Yesterday I returned from a long weekend on the South East coast of Scotland – North Berwick, Dirleton and Yellowcraigs to be precise. I was running a photography tuition course on Saturday and quite remarkably had fantastic weather all weekend, as my sunburn demonstrates.
At one point during the course, in a shady little woodland just off the main road through Dirleton, I had been using my camera on tripod with a longish exposure of 1.6 seconds and using the self timer as I was too lazy to plug my cable release in. A minute or so later I was demonstrating to one of my clients how to frame up a particular scene and immediately realised, on hearing the self timer beeping, that I’d made the amateur error of forgetting to reset my camera to a more sensible setting. No matter, only a few seconds lost and even though it’s a digital camera, why waste the frame? So I pointed it at a large cluster of wild garlic and began weaving it gently just before the shutter opened and until it had closed again. The following image is the result.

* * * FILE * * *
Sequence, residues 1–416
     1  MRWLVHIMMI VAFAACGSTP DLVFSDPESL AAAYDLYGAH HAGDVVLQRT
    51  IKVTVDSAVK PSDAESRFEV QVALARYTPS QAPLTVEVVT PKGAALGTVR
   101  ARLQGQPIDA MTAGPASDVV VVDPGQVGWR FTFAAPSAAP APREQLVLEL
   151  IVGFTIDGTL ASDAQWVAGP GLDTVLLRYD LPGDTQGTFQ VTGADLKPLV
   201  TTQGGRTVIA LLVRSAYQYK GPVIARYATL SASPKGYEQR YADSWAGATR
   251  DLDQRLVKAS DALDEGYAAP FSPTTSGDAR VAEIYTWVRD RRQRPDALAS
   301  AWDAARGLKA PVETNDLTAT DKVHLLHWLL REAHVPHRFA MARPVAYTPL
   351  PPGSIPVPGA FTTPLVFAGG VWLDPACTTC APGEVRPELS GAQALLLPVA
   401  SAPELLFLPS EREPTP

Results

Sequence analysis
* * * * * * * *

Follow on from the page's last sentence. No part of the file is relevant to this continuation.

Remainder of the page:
I was talking through my error and the resulting image to a couple of my clients shortly afterwards and demonstrated my error to show how easily different effects can be achieved with nothing more than a different motion and starting point.
Now, I’ve been doing this sort of heavily abstract work for the past couple of decades, but I rarely bother to display it or pursue it as a specific project … well that’s just changed. It doesn’t matter too much what you’re thinking while looking at the images on this article – I enjoyed creating them and I enjoy viewing them, so I will now be using them as the opening two images for a new project which I believe sits nicely alongside my long running Textures projects.
I’ll leave you with a further three images in the series that I’ve taken just this morning to make sure I can produce the results I’m after by design rather than accident.